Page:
Martin Luther King, Jr. once explained: “Power without love is reckless and abusive, and love without power is sentimental and anemic. Power at its best is love implementing the demands of justice, and justice at its best is power correcting everything that stands against love.”
What does it look like in practice when power, love and justice come together?
On Wednesday, 22 October, I attended an art intervention outside Santa Fe First Judicial District Court Building. The action was in conjunction with a National Day of Protest to STOP Police Brutality, Repression and the Criminalization of a Generation. Concerned Citizens for Community Safety, supported byWise Fool NM and the Peñasco Theatre Collective, organized the event.
In the press release for the intervention, the organizers locate the heart of the matter with the question: “We have to ask and answer the question of what kind of community we want to live in?” Any community could answer this question in so many ways. Concerned Citizens for Community Safety are emphasizing the importance of creating communities that are rooted in collaborative public policies, mutual respect, restorative justice and a high standard of accountability for elected leaders.
Though it was not stated in the press release, I get the distinct impression that Concerned Citizens also want to live in communities rooted in beauty and play.
The art intervention was to protest specifically the recent grand jury decision of ‘justifiable homicide’ in the case of Española, New Mexico Police Officer Jeremy Apodaca killing sixteen year old Victor Villalpando on June 8, 2014. Artists created expressions through physical theatre, dance, poetry, spoken word, cardboard-based art and puppetry.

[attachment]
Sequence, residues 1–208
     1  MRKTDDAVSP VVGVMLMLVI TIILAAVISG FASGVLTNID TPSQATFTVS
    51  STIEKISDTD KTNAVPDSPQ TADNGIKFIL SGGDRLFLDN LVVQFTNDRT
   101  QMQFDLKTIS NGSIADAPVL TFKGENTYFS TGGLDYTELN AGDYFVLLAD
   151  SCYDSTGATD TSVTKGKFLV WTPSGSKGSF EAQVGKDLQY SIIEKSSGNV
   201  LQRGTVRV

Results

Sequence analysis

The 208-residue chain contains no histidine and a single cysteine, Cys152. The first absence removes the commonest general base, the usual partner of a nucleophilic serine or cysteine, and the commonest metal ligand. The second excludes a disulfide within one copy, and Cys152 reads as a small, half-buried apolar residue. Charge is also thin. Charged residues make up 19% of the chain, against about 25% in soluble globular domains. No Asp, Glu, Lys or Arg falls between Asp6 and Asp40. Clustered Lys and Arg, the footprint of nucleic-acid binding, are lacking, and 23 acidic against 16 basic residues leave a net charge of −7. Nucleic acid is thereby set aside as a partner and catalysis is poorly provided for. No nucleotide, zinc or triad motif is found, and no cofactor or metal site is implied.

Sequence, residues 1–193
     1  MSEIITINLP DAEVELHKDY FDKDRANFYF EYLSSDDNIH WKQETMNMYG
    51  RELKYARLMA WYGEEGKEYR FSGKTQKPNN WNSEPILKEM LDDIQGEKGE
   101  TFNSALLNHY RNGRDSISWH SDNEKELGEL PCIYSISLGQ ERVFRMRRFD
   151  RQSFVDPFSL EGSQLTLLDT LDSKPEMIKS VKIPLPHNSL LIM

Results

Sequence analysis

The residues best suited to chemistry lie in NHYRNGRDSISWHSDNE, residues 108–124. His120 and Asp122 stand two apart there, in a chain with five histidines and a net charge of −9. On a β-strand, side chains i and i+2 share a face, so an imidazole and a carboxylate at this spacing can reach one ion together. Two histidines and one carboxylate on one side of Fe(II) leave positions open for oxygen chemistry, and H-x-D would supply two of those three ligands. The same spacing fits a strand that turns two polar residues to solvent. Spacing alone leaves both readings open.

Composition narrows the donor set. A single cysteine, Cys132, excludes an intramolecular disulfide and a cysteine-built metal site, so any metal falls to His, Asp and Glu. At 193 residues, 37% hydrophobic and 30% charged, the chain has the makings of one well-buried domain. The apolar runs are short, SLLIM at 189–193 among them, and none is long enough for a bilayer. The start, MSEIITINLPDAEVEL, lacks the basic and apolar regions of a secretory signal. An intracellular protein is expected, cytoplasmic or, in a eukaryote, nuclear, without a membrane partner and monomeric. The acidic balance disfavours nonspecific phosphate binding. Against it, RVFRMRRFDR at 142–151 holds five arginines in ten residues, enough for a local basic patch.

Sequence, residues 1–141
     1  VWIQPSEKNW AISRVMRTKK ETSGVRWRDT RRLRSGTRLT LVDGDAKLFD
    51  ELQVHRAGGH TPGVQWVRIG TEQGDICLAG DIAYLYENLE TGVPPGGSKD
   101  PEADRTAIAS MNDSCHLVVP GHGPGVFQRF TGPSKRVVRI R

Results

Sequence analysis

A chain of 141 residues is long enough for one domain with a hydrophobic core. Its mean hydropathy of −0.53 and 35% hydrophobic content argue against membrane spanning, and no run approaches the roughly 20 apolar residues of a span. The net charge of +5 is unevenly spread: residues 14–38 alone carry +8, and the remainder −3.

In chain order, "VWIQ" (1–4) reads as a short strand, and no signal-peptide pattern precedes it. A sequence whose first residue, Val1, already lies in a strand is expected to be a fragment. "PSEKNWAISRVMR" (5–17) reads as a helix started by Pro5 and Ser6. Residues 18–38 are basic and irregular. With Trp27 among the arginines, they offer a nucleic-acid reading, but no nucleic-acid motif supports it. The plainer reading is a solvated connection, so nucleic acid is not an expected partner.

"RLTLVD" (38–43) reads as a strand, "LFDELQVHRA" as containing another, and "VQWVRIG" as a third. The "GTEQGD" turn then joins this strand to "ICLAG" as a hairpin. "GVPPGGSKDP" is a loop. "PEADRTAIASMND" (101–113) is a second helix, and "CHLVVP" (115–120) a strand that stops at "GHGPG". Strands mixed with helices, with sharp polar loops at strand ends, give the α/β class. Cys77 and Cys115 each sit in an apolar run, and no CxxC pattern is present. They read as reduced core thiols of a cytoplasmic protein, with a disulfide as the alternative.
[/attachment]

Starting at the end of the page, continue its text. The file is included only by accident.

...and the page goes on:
As well as protesting the grand jury decision with regard’s to Victor’s death, the intervention explicitly named over a hundred victims (under the age of 30) of lethal police violence. People present at the intervention were invited to write messages to the police on the back of cardboard cut out guns that would be delivered to the police in Española.
I found this intervention restorative – generating health and strength. It gave everyone present the opportunity to express rage, grief, fear and bewilderment in response to the ugliness of unjustifiable, deadly violence. We weren’t left there, however. The song “Let the Sunshine In” blasted. Led by group of young performers, we were invited to dance to honor and celebrate life. From my perspective, throughout the event, an undercurrent flowed. It carried hope for, and commitment to, creating a different, brighter future. It carried a commitment to Beloved Community.
We sometimes easily forget that practices of accountability, mutuality, restorative justice and participatory policymaking are all forms of love. This kind of love is anything but sentimental and anemic.
At one level, with the decision of the court and the persistence of violent policing, people are feeling powerless. Power means the capacity to act or strength. At another level, people are feeling powerful. I don’t know about you, but to me, standing up in a public space and speaking out against injustice through self-created forms of imaginative expression embodies power.
What does it look like in practice when power, love, justice come together? It looks like the beauty-full art intervention I witnessed and participated in on 22 October 2014, in front of the Santa Fe First Judicial District Court Building.